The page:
Does the industry promote their newest devices? Yes! They are after profit, after all, as is every other company in the world. Are the newest medical devices always needed? No, not necessarily. But the fact is that the cost of practically anything medical these days is outrageously inflated here in the US than it is anywhere else. And while, yes, the cost of controlling diabetes has risen in astronomical proportions over the years, so has almost every other disease. While, yes, it is possible to live with diabetes and manage with a meter, syringes and insulin, it may not be the best option for some, and that’s where the author of the article got it wrong. For some, a pump is indeed needed. For some, a CGM is certainly needed. For some, a talking meter is an absolute must. And to blanket us and assume we are all alike in how we control our diabetes is almost laughable.

No, the problem is not that having or not having access to devices is a “first world problem”, but a medical world problem. You’ll never find a medical company who’s heart is truly and purely about the health of their customers without also having the need for profit, and I doubt you’ll find one who settles for just a mere profit either.



Filed under dblog, Diabetes

2 responses to “Sorta Got It Wrong… But Sorta Got It Right Too.

  1. Very well put, Sarah. I’ve struggled to put my own thoughts on the article into words (many false starts), because I too find parsts of the article I agree with.

    With regards to the topic you discussed, I don’t know what is an “acceptable” profit for these manufacturers, but I do believe they should not only be entitled to one, but that they should enjoy some element of luxury. I’ve worked for companies that preach “tightening-the-belt” and “doing more with less”, and quite frankly, those jobs suck.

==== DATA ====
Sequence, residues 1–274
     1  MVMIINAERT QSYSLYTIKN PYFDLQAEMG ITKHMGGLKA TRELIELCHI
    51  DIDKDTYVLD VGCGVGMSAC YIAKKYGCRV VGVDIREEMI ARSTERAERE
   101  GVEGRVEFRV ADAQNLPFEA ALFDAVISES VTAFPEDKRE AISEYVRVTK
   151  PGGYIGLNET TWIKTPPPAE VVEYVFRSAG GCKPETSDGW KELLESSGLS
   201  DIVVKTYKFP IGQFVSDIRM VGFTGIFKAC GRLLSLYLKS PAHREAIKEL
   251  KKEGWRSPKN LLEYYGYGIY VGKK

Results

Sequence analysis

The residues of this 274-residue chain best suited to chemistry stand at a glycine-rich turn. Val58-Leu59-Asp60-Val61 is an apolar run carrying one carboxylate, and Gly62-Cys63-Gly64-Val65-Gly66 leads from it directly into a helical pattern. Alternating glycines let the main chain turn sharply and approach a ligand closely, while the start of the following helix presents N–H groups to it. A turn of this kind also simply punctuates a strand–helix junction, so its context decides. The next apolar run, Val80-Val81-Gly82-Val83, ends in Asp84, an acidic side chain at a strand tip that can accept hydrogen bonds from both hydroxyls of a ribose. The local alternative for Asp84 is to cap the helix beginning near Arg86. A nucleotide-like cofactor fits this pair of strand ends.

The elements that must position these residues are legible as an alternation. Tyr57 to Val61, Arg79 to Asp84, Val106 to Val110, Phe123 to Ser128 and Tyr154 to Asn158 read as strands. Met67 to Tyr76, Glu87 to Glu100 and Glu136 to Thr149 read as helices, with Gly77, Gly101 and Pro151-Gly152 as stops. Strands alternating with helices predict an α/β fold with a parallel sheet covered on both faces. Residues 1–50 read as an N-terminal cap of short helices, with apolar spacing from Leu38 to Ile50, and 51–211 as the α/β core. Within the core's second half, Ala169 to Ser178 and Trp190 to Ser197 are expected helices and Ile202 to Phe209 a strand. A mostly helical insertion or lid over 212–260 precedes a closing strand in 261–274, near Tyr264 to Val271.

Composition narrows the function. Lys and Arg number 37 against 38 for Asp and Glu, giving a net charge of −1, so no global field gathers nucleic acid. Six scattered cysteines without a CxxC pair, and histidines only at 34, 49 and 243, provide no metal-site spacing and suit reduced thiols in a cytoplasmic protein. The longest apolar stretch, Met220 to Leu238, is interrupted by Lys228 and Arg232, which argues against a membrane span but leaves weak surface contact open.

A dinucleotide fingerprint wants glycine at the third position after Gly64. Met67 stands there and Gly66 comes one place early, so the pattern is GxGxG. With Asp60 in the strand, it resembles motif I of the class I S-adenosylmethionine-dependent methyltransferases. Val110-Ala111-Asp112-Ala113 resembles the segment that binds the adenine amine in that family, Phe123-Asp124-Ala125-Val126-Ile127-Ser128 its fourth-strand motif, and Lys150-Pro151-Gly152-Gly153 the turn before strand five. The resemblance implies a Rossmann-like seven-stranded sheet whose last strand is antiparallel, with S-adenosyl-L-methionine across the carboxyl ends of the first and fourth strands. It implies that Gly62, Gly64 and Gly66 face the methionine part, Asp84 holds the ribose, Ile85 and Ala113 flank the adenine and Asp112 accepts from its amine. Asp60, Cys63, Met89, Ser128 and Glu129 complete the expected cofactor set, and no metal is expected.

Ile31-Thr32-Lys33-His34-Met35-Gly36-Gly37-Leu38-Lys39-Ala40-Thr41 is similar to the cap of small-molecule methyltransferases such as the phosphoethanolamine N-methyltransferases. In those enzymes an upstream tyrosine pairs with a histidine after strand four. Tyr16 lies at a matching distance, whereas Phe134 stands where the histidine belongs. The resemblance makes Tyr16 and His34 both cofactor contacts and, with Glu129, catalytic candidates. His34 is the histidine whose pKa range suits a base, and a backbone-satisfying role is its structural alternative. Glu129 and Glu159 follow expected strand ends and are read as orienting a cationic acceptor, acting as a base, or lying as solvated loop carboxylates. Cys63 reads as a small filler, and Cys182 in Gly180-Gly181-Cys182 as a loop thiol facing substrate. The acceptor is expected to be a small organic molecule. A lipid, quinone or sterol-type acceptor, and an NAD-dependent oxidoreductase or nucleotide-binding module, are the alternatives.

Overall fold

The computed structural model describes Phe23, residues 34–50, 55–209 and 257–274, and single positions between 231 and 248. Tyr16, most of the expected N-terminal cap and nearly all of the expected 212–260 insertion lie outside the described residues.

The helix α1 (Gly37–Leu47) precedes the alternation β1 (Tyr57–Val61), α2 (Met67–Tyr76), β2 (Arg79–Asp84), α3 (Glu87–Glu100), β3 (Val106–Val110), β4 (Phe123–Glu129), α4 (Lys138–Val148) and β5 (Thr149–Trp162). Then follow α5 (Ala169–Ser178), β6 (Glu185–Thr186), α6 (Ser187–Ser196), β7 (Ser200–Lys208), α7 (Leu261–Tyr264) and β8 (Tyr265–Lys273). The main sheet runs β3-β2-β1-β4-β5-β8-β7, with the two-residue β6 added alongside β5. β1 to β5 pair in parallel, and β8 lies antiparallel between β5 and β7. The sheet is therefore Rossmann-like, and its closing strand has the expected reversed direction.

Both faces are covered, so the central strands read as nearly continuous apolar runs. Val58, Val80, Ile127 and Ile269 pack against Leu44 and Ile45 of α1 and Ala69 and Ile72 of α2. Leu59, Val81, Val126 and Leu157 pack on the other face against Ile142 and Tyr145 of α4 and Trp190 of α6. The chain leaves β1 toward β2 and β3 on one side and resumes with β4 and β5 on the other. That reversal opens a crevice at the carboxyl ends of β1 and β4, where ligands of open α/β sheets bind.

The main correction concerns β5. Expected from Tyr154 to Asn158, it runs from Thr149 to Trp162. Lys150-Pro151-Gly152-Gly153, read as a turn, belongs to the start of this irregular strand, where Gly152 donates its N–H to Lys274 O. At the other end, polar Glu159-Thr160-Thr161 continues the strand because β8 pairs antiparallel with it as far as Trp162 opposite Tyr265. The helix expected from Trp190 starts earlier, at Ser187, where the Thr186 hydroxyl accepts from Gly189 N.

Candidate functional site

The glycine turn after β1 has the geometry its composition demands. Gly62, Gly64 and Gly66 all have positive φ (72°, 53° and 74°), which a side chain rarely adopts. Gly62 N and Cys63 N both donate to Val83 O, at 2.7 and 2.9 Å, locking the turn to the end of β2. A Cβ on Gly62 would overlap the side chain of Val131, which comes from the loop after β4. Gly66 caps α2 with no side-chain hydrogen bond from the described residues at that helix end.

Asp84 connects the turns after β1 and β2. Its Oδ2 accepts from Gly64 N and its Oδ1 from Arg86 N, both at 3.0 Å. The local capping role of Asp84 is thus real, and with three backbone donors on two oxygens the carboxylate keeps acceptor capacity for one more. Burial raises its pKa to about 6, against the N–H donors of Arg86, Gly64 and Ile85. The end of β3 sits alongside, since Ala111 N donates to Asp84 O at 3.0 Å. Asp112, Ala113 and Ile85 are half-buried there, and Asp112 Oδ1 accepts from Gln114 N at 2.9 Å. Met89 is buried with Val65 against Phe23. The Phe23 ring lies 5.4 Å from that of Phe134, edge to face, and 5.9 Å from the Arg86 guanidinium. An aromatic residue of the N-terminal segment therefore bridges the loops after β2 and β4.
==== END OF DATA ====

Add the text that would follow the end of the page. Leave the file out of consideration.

Though I can deal with a disgruntled waitress or cashier from time to time, I want the person who’s building my insulin pump or infusion set to enjoy going to work each day and take pride in what they do, not to do so begrudgingly and angry at an employer that doesn’t treat them well. I can’t afford to trust my life with someone who’s not totally committed to what they’re doing. Treat the workers right, so they can consistently deliver quality products.

  2. Yes, the whole system costs too much. No argument there. I agree the cost elements are important topics that need discussion, and this NYT piece served that purpose well. But just as we in the D-Community argue that insurance companies shouldn’t be looking at cost alone, and shouldn’t be interpreting what “medical necessity” means between us and our doctors, that’s exactly what this NYT article does, IMHO. The tone implies that these aren’t necessary or important, across the board, and that basically our insurance companies and all the CMS and government officials trying to limit access to devices, meters, supplies, strips, and so on are doing good because they’re looking at the important issue of overly-high costs. And this is the NYT we’re talking about, a newspaper that is regularly cited and used by decision-makers to justify their points or explore issues. That is my concern, that this article looks at cost alone, and regardless of how good that journalism may be on cost factors, the paper doesn’t balance that cost aspect out and leaves all of us in a dangerous position. One that is counterproductive and goes against a lot of what we’re advocating for to these same NYT-reading decision-makers.